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I N TERNAT IO N A L
ENERGY AG E N C Y
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Act Locally, Trade Globally Emissions Trading for Climate Policy Foreword The threat posed by global warming has made climate policy one of the most important dimensions of energy policy. Rising CO2 emissions world- wide confirm the need to act and to move away from the current energy trend. At their meeting earlier this year, the energy ministers of IEA member countries recognised that “we are not bound to any business-as- usual energy future.” At the same time, governments are struggling to find practical and effective policy approaches to bring about the changes necessary to deliver a more sustainable energy future. Among them, market instruments such as emissions trading hold many promises, including lowering the cost of our global efforts to reduce CO2 emissions.
The Kyoto Protocol has introduced emissions trading in international climate policy. In 2005, the European Union established a full-fledged emissions trading system for some 11 500 industrial sources. Other countries and authorities, both within and outside the Protocol, are considering this tool as a means to cut greenhouse gases, now and beyond 2012.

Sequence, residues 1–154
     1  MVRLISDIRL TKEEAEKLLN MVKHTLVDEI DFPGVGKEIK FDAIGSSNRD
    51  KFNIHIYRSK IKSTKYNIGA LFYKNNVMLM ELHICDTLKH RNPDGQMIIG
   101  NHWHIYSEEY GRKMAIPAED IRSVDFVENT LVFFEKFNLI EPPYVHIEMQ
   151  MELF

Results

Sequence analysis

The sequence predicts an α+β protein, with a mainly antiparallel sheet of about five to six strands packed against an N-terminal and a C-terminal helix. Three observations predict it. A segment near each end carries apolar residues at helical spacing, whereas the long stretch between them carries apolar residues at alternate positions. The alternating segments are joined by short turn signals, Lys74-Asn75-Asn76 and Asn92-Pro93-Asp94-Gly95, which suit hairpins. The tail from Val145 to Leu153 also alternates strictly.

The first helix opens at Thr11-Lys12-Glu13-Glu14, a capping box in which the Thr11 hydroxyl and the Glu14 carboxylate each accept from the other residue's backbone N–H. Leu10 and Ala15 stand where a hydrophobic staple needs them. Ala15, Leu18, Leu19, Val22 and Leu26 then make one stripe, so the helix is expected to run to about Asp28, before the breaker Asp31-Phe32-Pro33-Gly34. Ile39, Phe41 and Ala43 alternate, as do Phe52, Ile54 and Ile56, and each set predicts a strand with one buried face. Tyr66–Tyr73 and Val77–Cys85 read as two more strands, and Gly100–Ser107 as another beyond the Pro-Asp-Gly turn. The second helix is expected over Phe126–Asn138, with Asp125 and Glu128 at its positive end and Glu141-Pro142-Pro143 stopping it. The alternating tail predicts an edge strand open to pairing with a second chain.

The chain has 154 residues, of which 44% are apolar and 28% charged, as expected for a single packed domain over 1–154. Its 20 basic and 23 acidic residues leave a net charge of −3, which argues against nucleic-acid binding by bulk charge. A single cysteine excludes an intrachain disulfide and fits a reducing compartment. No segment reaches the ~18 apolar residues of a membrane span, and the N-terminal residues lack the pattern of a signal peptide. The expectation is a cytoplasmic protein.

This book provides a comprehensive overview and analyses of existing emissions trading systems for climate policy, their strengths and weaknesses; it shows how trading systems could be used in sectors beyond industry, and in countries beyond the developed world. It discusses the complex relationship between commercial and non- commercial energy uses, CO2 emissions, and development.
Emissions trading may not be the panacea, but, if implemented wisely, it has the power to trigger many of the local actions needed to curb the trend of global CO2 emissions, and to do so at least-cost through global trading. This book also reveals the capacity of emissions trading to accommodate a range of concerns about climate policy, including cost uncertainties, competitiveness concerns, fairness, and development.